"A family with two kids that earns the minimum wage still lives below the poverty line, that's wrong,"
President Barack Obama
Hundreds of thousands of Michiganders could see a bump in their hourly wage, if President Barack Obama gets his way.
The president called for a $9 minimum wage in his State of the Union address Tuesday. Michigan's minimum wage is currently $7.40, just higher than the national $7.25 rate.
Advocates for the state's low income population are applauding the proposal, but small businesses worry it could be a job killer.
"I don't see anything wrong with anybody earning $9 an hour, $10, they deserve it," restaurant owner Bill Falsetta said. "They work hard, people in this industry work hard."
But with the current economy, Falsetta doesn't see how small businesses can make it happen. Margins are tight already and about forty percent of his forty employees are minimum wage.
"Where's that money coming from? Is gas going down? No," he said.
Falsetta says there is no way his restaurant could swallow the cost of a minimum wage increase, on top of insurance changes under the federal Affordable Care Act. The only option is one he hates, price increases.
During his address Tuesday, President Obama argues the current minimum wage is not livable.
"A family with two kids that earns the minimum wage still lives below the poverty line, that's wrong," he said.
In addition to the boost to $9, Obama wants minimum wage to be tied to the cost of living, so increases are guaranteed to meet inflation.
"The vast majority of people here in Michigan that get minimum wage are over 20-years-old, many of them are partially college educated, many of them are working full time, many of them are parents, many of them are sole-bread winners for their family," Karen Holcomb-Merrill, with the Michigan League for Public Policy explained. "So, this isn't just about helping teens make more money, this is about helping families here in Michigan."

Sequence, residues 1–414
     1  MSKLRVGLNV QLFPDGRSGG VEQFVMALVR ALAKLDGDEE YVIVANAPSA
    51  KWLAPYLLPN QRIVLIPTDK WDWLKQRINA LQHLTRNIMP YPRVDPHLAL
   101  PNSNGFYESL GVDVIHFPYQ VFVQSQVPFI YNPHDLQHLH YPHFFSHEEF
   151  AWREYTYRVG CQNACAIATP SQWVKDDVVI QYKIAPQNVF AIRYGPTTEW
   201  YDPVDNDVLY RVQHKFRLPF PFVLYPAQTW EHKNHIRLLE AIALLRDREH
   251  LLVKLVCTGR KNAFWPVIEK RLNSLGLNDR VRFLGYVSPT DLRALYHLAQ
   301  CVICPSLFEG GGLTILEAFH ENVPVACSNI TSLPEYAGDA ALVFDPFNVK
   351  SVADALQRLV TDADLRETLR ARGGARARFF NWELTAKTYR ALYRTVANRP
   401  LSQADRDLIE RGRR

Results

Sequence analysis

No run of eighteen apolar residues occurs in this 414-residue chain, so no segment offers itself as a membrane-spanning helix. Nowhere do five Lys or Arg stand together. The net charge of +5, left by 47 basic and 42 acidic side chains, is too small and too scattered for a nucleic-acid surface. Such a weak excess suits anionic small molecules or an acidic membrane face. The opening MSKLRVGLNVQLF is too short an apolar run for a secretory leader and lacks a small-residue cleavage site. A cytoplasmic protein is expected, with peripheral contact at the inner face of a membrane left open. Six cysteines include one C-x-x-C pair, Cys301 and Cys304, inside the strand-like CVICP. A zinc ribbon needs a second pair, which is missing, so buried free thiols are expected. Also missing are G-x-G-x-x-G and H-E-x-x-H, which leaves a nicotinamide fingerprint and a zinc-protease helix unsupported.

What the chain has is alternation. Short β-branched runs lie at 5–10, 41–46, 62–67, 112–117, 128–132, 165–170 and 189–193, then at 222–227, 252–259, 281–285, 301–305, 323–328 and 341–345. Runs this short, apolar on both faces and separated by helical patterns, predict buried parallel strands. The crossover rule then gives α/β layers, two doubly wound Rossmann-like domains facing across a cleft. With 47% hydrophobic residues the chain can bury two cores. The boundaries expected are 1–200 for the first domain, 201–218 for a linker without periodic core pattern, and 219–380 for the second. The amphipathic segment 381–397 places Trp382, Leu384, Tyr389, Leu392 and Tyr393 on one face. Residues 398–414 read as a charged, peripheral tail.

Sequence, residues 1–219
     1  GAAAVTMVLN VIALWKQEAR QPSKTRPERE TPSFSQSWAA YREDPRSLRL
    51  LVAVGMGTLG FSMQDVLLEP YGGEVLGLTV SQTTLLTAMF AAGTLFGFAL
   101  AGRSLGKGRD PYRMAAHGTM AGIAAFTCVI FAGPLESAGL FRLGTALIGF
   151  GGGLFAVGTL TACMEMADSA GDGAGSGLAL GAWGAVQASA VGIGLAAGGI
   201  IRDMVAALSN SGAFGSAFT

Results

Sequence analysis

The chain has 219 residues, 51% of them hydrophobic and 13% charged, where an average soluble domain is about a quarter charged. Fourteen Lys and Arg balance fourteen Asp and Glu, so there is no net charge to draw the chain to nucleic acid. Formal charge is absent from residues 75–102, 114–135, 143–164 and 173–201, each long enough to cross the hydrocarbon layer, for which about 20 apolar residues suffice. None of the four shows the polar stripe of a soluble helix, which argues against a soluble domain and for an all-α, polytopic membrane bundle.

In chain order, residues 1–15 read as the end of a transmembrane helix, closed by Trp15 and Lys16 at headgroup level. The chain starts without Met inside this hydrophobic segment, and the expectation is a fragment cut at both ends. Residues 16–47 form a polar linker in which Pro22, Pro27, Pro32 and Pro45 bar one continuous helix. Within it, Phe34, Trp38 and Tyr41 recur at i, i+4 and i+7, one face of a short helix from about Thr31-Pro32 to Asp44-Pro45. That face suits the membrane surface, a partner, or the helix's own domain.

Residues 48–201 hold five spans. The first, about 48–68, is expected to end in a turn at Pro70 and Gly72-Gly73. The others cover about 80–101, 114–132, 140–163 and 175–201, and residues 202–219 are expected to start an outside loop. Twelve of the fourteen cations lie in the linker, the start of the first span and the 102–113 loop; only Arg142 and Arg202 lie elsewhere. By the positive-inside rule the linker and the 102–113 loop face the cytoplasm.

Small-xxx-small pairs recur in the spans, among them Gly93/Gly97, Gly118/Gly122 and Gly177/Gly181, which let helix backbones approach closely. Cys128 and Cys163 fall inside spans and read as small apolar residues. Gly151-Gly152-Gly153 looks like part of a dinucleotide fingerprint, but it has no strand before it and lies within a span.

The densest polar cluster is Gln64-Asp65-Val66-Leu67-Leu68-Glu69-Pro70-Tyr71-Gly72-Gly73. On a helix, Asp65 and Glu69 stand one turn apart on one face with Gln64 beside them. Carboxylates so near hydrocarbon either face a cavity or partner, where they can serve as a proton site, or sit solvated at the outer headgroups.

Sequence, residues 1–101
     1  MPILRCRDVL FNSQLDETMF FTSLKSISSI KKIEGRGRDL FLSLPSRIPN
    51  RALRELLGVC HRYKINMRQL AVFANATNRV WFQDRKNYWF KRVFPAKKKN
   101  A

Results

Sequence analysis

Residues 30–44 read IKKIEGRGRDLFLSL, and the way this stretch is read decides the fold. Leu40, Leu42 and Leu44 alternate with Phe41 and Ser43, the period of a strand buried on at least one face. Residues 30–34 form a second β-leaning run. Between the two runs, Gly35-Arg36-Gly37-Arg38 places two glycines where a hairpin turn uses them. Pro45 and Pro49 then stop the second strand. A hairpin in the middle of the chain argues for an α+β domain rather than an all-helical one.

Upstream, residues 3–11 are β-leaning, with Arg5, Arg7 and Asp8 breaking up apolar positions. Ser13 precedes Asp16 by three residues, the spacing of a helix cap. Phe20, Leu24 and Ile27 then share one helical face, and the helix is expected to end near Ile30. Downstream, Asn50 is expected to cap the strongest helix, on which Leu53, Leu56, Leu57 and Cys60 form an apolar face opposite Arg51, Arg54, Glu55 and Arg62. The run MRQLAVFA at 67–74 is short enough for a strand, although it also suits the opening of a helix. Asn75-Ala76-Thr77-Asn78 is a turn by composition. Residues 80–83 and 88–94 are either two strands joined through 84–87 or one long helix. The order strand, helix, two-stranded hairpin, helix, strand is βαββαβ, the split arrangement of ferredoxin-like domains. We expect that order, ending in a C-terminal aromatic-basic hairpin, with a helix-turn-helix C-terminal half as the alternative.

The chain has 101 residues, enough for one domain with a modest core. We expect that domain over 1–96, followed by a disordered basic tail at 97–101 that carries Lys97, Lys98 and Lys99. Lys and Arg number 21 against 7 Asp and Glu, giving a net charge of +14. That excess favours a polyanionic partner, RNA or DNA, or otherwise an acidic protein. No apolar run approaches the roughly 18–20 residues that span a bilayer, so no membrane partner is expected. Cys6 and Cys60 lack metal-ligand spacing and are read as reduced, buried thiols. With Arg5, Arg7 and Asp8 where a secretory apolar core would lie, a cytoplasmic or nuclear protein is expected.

Holcomb-Merrill also says it's good for the economy. She says workers who are paid more, spend more.
The Michigan Restaurant Association sees it differently.
"Wage mandates of any kind don't exist in a bubble," Justin Winslow, with the association said. "So for us and all of our small business owners, you're talking about a decrease in the overall number of jobs and in the amount of hours worked by these employees that still exist."
The federal minimum wage hasn't changed since 2009. Under Obama's plan, it would increase gradually to $9 by 2015.
A Michigan lawmaker is also calling for higher wages. On Tuesday, Bert Johnson introduced legislation that would bump up the state's rate to $10.